Put Your Critics To Work For You

No matter how good you are at what you do, you’re going to meet critics along the way. Even the Lord God Almighty has critics, and you’re not better than He is.

It can be hard not to let the critics get to you, but if you let your fears of criticism stop you from writing or putting your book out there, you’re going to rob yourself of the chance to make the life-saving difference you were born to make. You’ll also be robbing those who need your story of the chance to have their life impacted by your work. Everyone loses.

Your Critics Are Your Best Friends

They may not intend to help you, but your critics are going to do for you what your best friends won’t: they’re going to tell you the raw, unvarnished truth as they see it. They’re going to point out every flaw and fault your work has – and your work is going to become better for it.

Recently on Twitter, I saw someone saying some pretty trashy things. So, I purposely joked with him about that trash language. He didn’t like it, so he visited my website and noticed it was not finished. Not even close. He made fun of me for it.

Now, I could have used that as an opportunity to head back to my corner of the Twitterverse and tuck my tail between my legs, but I recognized it for what it was: my critic doing me a favor. He was pointing out to me that I needed to fix that problem ASAP. He did more to motivate me to fix my website than any of my friends were able to do.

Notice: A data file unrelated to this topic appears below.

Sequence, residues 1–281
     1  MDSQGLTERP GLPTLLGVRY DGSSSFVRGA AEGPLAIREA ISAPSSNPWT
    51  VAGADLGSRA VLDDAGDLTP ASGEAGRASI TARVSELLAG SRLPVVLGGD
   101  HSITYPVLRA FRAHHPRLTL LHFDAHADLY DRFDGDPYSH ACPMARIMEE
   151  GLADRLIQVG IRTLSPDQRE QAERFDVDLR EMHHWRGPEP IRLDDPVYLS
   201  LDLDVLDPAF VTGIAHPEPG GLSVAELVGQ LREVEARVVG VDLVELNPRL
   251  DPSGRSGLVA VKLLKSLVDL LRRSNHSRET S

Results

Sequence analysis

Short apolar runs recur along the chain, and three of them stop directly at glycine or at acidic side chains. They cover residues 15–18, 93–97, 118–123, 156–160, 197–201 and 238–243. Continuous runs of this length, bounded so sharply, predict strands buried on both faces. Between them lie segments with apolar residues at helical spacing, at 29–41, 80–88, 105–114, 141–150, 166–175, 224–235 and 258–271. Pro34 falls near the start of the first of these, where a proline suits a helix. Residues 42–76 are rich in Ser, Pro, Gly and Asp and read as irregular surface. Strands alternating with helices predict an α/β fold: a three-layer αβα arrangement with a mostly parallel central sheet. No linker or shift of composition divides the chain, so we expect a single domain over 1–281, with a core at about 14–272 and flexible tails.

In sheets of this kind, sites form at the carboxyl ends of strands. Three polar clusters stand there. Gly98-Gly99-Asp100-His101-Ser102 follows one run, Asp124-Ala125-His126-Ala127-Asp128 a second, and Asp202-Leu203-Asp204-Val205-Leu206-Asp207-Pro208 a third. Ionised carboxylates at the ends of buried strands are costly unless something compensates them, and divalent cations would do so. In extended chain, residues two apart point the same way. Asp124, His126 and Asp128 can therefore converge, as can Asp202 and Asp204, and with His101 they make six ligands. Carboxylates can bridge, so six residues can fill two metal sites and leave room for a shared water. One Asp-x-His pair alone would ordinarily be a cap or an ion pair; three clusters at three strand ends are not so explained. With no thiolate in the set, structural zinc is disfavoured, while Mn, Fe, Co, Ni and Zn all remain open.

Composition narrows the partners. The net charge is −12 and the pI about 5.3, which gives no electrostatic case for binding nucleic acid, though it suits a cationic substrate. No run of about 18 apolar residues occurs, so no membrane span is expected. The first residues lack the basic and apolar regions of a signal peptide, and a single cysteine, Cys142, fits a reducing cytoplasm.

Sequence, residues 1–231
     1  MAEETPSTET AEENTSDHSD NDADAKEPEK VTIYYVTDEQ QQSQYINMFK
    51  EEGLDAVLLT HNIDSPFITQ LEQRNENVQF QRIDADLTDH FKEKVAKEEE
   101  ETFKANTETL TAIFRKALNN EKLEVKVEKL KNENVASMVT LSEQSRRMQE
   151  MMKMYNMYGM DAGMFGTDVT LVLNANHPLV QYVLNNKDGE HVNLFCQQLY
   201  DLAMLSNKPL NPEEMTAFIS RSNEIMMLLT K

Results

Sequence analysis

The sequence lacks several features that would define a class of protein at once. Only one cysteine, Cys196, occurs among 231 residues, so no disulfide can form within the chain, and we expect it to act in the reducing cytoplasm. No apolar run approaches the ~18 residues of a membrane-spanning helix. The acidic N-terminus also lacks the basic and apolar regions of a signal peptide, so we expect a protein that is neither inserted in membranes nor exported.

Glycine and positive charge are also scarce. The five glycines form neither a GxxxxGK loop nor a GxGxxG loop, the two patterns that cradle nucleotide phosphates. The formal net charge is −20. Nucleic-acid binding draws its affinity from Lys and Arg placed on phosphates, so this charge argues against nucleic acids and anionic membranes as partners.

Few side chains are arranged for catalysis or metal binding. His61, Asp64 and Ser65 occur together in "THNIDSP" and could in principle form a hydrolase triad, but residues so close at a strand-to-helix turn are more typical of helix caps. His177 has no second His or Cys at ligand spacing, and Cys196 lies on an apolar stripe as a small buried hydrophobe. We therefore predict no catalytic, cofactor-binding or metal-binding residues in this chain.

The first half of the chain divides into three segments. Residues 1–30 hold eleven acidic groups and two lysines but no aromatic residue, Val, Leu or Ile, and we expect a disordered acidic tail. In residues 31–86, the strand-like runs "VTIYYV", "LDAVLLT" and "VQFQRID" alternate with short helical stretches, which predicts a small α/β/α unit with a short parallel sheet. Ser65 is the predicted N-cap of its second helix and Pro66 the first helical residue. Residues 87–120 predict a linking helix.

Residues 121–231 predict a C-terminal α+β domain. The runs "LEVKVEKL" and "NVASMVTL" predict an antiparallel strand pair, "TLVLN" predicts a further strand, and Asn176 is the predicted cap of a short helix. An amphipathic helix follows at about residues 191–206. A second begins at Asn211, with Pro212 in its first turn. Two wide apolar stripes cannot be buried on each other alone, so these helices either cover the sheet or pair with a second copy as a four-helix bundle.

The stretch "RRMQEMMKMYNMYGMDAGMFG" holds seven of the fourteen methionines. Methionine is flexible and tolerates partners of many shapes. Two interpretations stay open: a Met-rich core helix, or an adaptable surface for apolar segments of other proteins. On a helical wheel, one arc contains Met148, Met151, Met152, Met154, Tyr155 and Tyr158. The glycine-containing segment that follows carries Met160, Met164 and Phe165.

I’d let this site languish for literally years, excusing myself from working on it by telling myself I didn’t have the time. Motivated by my critic, in one day, the website went from garbage to being ready for business. All because I listened to my critic and put him to work for me.

You’ll Never Know How Good You Are Until Someone Who Doesn’t Like You Reads Your Book

The people who know you like you for the most part. They don’t want to discourage you or hurt your feelings. But when it comes to your writing or any other creative work you do, that’s not helpful. It’s not going to tell you what you need to know.

What you don’t need is someone who is looking for everything that’s right with the work you’ve done. That feels good, but it won’t help you fix what’s wrong with it. What you need is someone who is going to tear it to pieces for you and find everything they can that’s not working so you know what you need to fix.

You need someone who doesn’t care how you feel. That means you need someone who doesn’t like you or know you. If you can impress them, you know you’re ready for prime time.

There are a few times I’ve gotten bad reviews, and they stung each time. But they were super helpful in telling me what I needed to change in order to make my writing better.

The first one-star review I ever got was on my first published book, How To Write an eBook in 40 Days (or Less). Here are the words that reviewer wrote:

I was loaned this from a friend who purchased not only this book but many how-to-write-eBooks that were free for a short period of time during a promo. I’ve also followed a lot of writing blogs, and read what I could on the net about it. I expected that this would be something new or different, since I have not found any other how-to that specifies a time frame for your writing. I admit to being intrigued enough to sit and read it. It didn’t take very long to get through it.

If you haven’t already researched eBook writing on your own, this might be something new for you. If you have had an interest and read everything you could already? This isn’t going to add to your knowledge or change your life. It wasn’t authoritative and there wasn’t anything in here that I have not already learned from my online research.